“Water, water, everywhere, | Nor any drop to drink” [i]

It may seem odd to talk about water conservation when Hurricane Irma recently dumped more than fifteen inches of rain on some areas[ii] and caused water levels to rise seven feet in just ninety minutes elsewhere[iii]. But the quote above neatly describes the irony of being surrounded by a plentiful supply of water that you cannot drink.

In The Rime of the Ancient Mariner, the plentiful water is, of course, the ocean. But the floodwater engulfing many parts of the Caribbean, Florida and other southern states is just as undrinkable because it is polluted with sewage, salt water, sediment and debris, posing a threat to the health of people, animals and crops. In some areas, this contaminated water has entered the public water supply, causing drinking water shortages.

shutterstock_140931481Even where the water supply is unaffected, it’s important to remember that heavy rainfall does not always mean that there will be plentiful water to drink. During spells of normal rainfall, water soaks into the ground and gradually seeps deeper into underground aquifers – large areas of porous rock that hold water[iv] . During hurricanes or other heavy storms, the ground can’t soak up the water quickly enough and much of it runs off into rivers and oceans, laden with sediment and pollutants collected along the way. Heavy, infrequent rainfall delivers less water to the aquifers, which are relied upon to supply millions of people with drinking water, than steady, frequent showers.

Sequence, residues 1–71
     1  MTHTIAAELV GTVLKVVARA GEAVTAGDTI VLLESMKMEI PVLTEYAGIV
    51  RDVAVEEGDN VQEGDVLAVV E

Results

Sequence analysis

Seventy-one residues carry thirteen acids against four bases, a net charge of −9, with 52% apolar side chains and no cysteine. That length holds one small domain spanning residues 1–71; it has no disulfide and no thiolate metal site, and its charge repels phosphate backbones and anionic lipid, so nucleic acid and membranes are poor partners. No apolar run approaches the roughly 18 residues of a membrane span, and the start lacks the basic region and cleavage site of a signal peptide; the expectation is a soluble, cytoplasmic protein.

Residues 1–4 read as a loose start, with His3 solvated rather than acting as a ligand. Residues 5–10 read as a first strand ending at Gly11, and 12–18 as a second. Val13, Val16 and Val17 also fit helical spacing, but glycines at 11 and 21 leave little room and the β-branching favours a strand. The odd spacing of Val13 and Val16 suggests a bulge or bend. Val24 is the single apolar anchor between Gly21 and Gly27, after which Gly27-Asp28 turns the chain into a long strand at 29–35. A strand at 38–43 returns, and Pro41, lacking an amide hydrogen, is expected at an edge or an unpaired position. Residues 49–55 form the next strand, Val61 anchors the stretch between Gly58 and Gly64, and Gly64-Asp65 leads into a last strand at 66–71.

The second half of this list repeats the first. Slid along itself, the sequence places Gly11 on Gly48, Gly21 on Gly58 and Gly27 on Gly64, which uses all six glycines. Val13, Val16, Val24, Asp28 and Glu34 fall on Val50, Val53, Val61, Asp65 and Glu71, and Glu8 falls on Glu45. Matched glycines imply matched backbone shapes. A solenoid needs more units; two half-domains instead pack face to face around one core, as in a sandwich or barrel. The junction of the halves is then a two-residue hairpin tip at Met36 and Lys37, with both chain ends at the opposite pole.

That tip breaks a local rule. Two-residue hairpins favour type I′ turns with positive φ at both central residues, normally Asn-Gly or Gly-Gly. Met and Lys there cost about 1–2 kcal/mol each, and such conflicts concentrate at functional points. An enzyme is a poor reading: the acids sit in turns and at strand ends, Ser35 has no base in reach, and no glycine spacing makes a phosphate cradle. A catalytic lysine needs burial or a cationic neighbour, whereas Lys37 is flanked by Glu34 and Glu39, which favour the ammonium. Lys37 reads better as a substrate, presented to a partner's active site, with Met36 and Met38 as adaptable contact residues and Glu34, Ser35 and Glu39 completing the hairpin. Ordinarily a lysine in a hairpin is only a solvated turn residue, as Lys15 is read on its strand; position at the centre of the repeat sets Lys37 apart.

Add to this the damage to infrastructure, such as storage tanks and water treatment facilities, caused by hurricanes, storm surges and floods and it’s clear that an excess of water can actually lead to a shortage of water!

Water conservation is the new normal

If you’re in an area affected by flooding or storms, it’s important to heed instructions from your local water supplier. Continue to boil water and limit flushing water into the sanitary system until restrictions are lifted.

Rain BarrelWhether or not you’ve been directly affected this time, you can help to reduce the impact of future weather events such as floods or droughts by using only the water you need. You can find many online resources to help you save water and lower your bills (try here or here).

If you are really serious about water conservation, you might even follow the example of South African politician Helen Zille, who has recently revealed that she showers only every third day[v]. Although some people have expressed shock at the revelation, others have praised her response to the serious water shortages in the Western Cape Province.

However you do it, conserving water is an increasingly important way of life not only in the US but across the globe.

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[i] Lines from “ The Rime of the Ancient Mariner,” by Samuel Taylor Coleridge. The mariner, on board a becalmed ship, is surrounded by salt water that he cannot drink.
[ii] http://www.nola.com/hurricane/index.ssf/2017/09/heres_how_much_rain_wind_irma.html
[iii] http://www.express.co.uk/news/weather/852505/Hurricane-Irma-Florida-damage-pictures-Florida-Keys-Miami-Orlando
[iv] https://www.sjrwmd.com/water-supply/aquifer/
[v] http://www.bbc.co.uk/news/world-africa-41351543

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